Getting Ready for Snow Days
Winter is fast approaching — is your facility ready? Statistically speaking nearly 80% of all slip and falls are due to snow and ice, and they occur mainly in parking lots and sidewalks. As an expert witness and consultant in the field of risk and liability due to snow and ice, I see incidences that could have been avoided had the facility performed a pre-season property assessment.
Store and property managers often ask me how they can determine the readiness of their facility for snow and ice. The time to consider your store’s parking lots and pedestrian areas (P.A.s) is now and not when the first snowflakes fall. The first step is to organize your assessment into four focus groups: Drainage, Grounds, Parking Lots/P.A.s and People/Plan. This will allow your team to tackle each effectively.
Drainage Dictates: When performing site reviews, pay close attention to where downspouts drain. Does water empty onto your parking lot or P.A.s, which will pool and then freeze with temperature drops? What type of roof/awnings does your store have? If the roof is sloped, make sure all gutters function properly.
Decide how snow sliding off awnings is handled, include in your plan and discuss with your service provider or in-house team. This seems basic but it’s amazing how often a facility’s drainage is overlooked and becomes a leading cause of a slip and fall.
Facility owners/managers must consider whether the building has any heat loss to cause creation of ice cycles that thaw and refreeze, jeopardizing the safety of patrons and employees. Devise a plan for roof snow removal to avoid collapse due to significant snow/ice accumulations.
Grounds Control: Here are some questions to ask yourself as you perform site reviews of your facility’s surfaces:
What is the current state of concrete on the property?
Are there cracks that show heaving potential to create a trip hazard?
What is the current state of turf in relation to curbing?
Is turf graded such that water will run off into the parking lot causing ice buildup during times of thawing and refreezing at night?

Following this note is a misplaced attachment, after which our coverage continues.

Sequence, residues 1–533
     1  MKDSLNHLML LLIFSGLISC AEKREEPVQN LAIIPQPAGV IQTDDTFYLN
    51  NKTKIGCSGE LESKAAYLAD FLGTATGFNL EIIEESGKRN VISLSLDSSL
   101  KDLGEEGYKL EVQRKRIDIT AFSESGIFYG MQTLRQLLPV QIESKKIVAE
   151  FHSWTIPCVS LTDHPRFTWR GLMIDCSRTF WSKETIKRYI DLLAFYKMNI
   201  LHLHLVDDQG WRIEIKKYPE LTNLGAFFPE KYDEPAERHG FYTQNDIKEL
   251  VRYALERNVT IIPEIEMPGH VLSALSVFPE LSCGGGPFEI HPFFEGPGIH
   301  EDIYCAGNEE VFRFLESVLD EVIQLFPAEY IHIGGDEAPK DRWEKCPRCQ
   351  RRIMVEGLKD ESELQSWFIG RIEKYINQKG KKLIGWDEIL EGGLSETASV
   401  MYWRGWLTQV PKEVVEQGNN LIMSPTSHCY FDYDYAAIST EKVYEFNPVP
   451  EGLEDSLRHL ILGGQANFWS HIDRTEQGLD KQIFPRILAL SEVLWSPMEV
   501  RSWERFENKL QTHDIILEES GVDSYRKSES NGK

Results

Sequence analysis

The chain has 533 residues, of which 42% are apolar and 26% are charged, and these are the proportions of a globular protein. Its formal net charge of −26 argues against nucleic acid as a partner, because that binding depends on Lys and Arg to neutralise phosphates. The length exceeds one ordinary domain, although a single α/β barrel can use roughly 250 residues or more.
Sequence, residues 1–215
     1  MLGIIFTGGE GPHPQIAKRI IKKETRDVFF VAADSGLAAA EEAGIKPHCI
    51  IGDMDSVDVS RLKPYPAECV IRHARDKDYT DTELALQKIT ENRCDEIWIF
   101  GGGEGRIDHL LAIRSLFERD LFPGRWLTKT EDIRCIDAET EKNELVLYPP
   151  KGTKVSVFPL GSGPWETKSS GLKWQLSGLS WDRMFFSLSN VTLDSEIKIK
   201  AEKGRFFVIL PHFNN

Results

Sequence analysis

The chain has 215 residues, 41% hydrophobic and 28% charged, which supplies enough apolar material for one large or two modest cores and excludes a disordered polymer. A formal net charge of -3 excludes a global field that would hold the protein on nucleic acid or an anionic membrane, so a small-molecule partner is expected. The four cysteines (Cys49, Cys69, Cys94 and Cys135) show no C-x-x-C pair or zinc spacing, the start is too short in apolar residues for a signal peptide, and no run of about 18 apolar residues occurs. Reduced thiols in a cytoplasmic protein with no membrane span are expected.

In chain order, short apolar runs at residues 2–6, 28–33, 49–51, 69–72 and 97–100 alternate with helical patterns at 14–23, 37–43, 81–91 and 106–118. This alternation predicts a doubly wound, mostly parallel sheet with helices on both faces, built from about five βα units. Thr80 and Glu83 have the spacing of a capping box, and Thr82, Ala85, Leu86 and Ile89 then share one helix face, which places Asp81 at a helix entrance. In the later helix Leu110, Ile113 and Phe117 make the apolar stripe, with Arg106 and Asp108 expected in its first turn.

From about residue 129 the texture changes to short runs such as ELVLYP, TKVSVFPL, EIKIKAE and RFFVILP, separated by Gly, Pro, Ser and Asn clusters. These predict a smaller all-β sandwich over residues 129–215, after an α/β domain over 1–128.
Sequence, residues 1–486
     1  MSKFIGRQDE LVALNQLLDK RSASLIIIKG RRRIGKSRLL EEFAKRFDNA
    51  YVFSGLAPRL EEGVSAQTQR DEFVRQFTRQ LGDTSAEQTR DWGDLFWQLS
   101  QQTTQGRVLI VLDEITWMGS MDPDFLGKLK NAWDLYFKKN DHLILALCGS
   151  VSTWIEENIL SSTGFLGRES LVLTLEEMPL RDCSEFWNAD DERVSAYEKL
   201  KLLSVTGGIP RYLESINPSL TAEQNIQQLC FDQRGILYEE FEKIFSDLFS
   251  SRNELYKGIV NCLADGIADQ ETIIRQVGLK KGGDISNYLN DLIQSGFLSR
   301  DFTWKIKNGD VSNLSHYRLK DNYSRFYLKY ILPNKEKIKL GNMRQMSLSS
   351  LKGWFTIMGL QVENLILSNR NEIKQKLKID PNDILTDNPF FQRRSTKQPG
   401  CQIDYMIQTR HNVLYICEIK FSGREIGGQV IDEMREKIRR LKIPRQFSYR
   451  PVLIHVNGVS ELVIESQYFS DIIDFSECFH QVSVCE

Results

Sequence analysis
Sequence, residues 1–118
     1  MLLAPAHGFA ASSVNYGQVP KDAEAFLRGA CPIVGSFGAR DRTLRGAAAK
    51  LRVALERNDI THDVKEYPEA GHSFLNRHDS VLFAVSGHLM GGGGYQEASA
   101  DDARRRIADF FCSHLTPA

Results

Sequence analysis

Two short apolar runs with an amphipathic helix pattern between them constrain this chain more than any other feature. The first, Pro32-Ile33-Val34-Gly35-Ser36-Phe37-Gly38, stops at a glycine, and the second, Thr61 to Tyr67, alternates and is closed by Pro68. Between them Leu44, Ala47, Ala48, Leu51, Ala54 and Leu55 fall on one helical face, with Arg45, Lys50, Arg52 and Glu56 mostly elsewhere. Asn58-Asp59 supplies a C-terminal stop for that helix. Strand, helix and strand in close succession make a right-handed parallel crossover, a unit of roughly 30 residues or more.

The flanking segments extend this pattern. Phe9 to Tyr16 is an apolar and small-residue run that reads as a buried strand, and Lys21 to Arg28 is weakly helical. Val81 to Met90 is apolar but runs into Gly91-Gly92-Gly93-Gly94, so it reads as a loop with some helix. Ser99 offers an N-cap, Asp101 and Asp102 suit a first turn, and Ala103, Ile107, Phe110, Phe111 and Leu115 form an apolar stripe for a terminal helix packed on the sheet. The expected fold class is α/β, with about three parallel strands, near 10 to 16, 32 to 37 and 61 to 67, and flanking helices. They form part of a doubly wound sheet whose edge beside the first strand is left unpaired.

Consider areas of heavy use by patrons and employees, such as outdoor smoking sections and delivery locations. You should include a safe passage snow and ice plan for time frames these areas are in use. Consider too the location of your facility in relation to trees and other buildings. Sunlight aids in the melting of ice and snow, while shading limits it. Wind plays a factor; what is the prevailing wind direction of your site? Knowing this will help you evaluate drifting conditions.
Prep Parking Lots/Pedestrian Areas: What is your facility’s plan for placement of snow piles? How closely will patrons and employees park to the snow pile? Will this cause a thaw refreeze event that may create black ice?
You should have a plan in place to remove or relocate snow piles when necessary. Parking lots should be reviewed for potholes, depressions and cracks, all of which can easily hold water that later freezes. Downhill water runoff can cause a trail of water that freezes or forms black ice. These areas must be addressed prior to winter. Facilities should perform pre-season maintenance of parking and pedestrian-area lighting. Review/plan lighting both for increased patron safety and potential heat sources, which can cause thaw and refreeze of nearby snow accumulation.
People/Response Plan: Who is responsible for the snow and ice management of your sidewalks? If performed in-house, determine when it will occur and how it will work in conjunction with plowing operations by a service provider. Where will the snow from the walks be pushed? Leaving snow along a sidewalk can cause a slip hazard to pedestrians.
Key to preparation is a written Snow Response Plan that addresses all areas of concern, including when temperatures drop at night. All store personnel should know the plan. They should understand their areas of responsibility and be trained every pre-season on every piece of snow equipment. If you outsource, it is critical to discuss the plan with the provider prior to winter.
By performing a pre-season property assessment, you give your team the opportunity to foresee issues and time to address potential hazards. In the unfortunate event that a slip and fall from snow/ice occurs, you will be able to demonstrate that your team performed important pre-season procedures to try to reduce the chances of an accident.
Rich Arlington, CSP, CLP of Rich Arlington & Associates, is a consultant to the facility management industry with more than 25 years of experience. (email@example.com)